Review: Scott Ellison – Elevator Man

Posted on: Thursday, May 21, 2015


Scott Ellison – Elevator Man

(Red Parlor)

Tulsa, Oklahoma born singer, guitarist and bandleader Scott played with Texas blues legend Clarence “Gatemouth” Brown very early in his career, and he has been recording since the 90s; he moved to Los Angeles in the mid-80s. I admit I am more than a little surprised Scott is not better known – this is a very accomplished set of modern blues, sometimes with a soul touch, but more frequently straight blues with hints of Stax era Albert King, or nodding towards a Chicago sound as on the opening, Howling Wolf tinged ‘Holler For Help’; Wolf can also be discerned in Scott’s vocals and the arrangement on the raucous ‘Put You Down’. ‘Arlene’ gives a first hint of the power that Scott can achieve, before ‘Behind That Smile’ slows the pace for a fine gospel-tinged blues-ballad and ‘Fishsticks And Jelly’ is an acoustic interlude.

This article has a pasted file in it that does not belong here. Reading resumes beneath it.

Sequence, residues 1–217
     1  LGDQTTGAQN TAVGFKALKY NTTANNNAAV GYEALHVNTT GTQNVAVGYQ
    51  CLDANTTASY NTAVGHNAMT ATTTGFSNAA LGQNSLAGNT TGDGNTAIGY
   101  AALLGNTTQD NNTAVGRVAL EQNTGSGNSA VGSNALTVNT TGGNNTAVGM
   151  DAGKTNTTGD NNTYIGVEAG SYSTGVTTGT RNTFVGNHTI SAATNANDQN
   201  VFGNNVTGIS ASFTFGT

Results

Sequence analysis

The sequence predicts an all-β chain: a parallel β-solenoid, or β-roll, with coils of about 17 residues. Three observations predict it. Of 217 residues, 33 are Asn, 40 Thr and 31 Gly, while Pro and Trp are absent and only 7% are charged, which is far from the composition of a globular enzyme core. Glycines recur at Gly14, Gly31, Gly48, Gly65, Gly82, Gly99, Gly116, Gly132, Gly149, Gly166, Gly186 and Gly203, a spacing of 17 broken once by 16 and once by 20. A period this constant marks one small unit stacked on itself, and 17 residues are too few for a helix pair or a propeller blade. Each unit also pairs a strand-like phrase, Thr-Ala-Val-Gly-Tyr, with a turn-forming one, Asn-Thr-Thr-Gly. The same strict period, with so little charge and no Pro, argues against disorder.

The title track has a modern funky blues sound, ‘Jesus Loves Me (Baby Why Don’t You?)’ is a strong shuffle with some ringing guitar work, and ‘School Girl’ has a Latin-tinged Chicago sound, a little reminiscent of Otis Rush. ‘Hit It, Get It And Go’ is a real stormer, and the big-sounding ‘I Thought I’d Be Gone’ hits a wonderful groove, with some excellent slide guitar fills too. The set ends in wonderful fashion with the dirty sounding pounder ‘My Little Sheba’ (hints of a Hill Country groove) here and the churning “Freddy King plays the swamp-blues” approach of ‘She’s On My Trail’.

In short then, one to look out for…


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